Urinary incontinence affects up to one-third of adults in America, about 30 percent of women aged 30-60 and 1.5-5% of men, according to the American Urological Association. Defined as the loss of bladder control, urinary incontinence causes bladder leakages that can drastically affect patients’ lives, limiting their ability to perform job duties, participate in leisure activities, travel, and more. For those with urinary incontinence, knowing how to stop bladder leakages makes all the difference.
Urinary incontinence affects one-quarter to one-third of American adults and affects more women than men. While incontinence is more common in elderly adults, it can indicate underlying health conditions in adults at any age. Urinary incontinence can also severely impact a person’s quality of life, restricting the ability to travel, exercise, and carry out normal daily activities because of the possibility of unexpected bladder leakages.
Overactive bladder (OAB) affects an estimated 50 million people in the United States, making it a fairly common condition. Unfortunately, treating overactive bladder can be tricky because the symptoms can also be associated with other medical conditions. To access bladder symtpoms, doctors will often ask patients presenting with bladder issues to track their symptoms through a bladder diary, then combine these insights with a patient’s medical history and clinical testing.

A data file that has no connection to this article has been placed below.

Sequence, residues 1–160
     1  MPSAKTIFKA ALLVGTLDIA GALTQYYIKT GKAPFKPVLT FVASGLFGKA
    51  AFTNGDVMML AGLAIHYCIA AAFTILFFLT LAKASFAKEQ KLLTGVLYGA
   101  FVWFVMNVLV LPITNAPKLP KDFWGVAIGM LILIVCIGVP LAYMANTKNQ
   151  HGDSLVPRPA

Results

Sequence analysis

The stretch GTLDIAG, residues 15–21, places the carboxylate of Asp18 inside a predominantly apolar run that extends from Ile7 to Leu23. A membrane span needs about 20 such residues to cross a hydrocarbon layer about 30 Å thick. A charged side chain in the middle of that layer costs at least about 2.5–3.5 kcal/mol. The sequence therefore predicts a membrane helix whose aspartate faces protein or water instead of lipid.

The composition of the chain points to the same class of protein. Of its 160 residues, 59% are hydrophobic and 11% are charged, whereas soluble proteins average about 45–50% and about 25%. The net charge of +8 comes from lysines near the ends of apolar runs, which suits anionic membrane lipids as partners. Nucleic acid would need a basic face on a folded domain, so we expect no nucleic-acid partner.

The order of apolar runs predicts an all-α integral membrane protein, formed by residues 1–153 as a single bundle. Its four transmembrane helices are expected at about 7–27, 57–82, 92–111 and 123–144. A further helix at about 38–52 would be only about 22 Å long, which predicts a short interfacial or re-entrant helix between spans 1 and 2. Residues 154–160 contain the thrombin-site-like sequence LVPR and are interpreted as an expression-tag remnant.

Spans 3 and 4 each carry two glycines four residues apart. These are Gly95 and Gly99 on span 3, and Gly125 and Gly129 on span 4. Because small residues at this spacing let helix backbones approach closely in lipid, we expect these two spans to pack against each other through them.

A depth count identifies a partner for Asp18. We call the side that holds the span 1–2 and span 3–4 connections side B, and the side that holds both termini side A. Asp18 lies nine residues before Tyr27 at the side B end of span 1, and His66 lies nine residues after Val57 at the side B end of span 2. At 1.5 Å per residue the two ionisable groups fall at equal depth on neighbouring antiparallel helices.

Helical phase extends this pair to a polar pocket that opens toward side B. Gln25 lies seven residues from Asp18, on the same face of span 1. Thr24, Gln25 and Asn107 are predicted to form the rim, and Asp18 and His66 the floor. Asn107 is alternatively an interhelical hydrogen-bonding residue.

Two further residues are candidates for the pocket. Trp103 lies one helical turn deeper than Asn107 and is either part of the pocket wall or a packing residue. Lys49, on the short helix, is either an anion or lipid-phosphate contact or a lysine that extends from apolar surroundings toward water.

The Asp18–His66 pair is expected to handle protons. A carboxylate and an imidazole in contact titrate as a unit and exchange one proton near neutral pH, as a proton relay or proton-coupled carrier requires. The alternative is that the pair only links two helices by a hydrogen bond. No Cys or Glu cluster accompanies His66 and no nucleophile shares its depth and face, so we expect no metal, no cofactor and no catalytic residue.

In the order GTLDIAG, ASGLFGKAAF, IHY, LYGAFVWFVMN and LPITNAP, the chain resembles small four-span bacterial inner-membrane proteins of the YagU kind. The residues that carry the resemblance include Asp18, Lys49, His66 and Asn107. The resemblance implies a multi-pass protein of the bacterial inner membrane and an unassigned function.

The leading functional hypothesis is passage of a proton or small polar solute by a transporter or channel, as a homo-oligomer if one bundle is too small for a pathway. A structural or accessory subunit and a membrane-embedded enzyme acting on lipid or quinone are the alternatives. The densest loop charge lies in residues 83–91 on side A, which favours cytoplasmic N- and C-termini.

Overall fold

Urinary incontinence – sometimes referred to as bladder leakage – is one of the most common symptoms of overactive bladder (OAB). There are several types of urinary incontinence, and some patients experience a mixture of types. Though urinary incontinence affects older adults at higher rates than younger adults (especially among women), any bladder leakage is not a normal part of aging, can have a significant impact on quality of life, and may be a sign of an underlying health problem.
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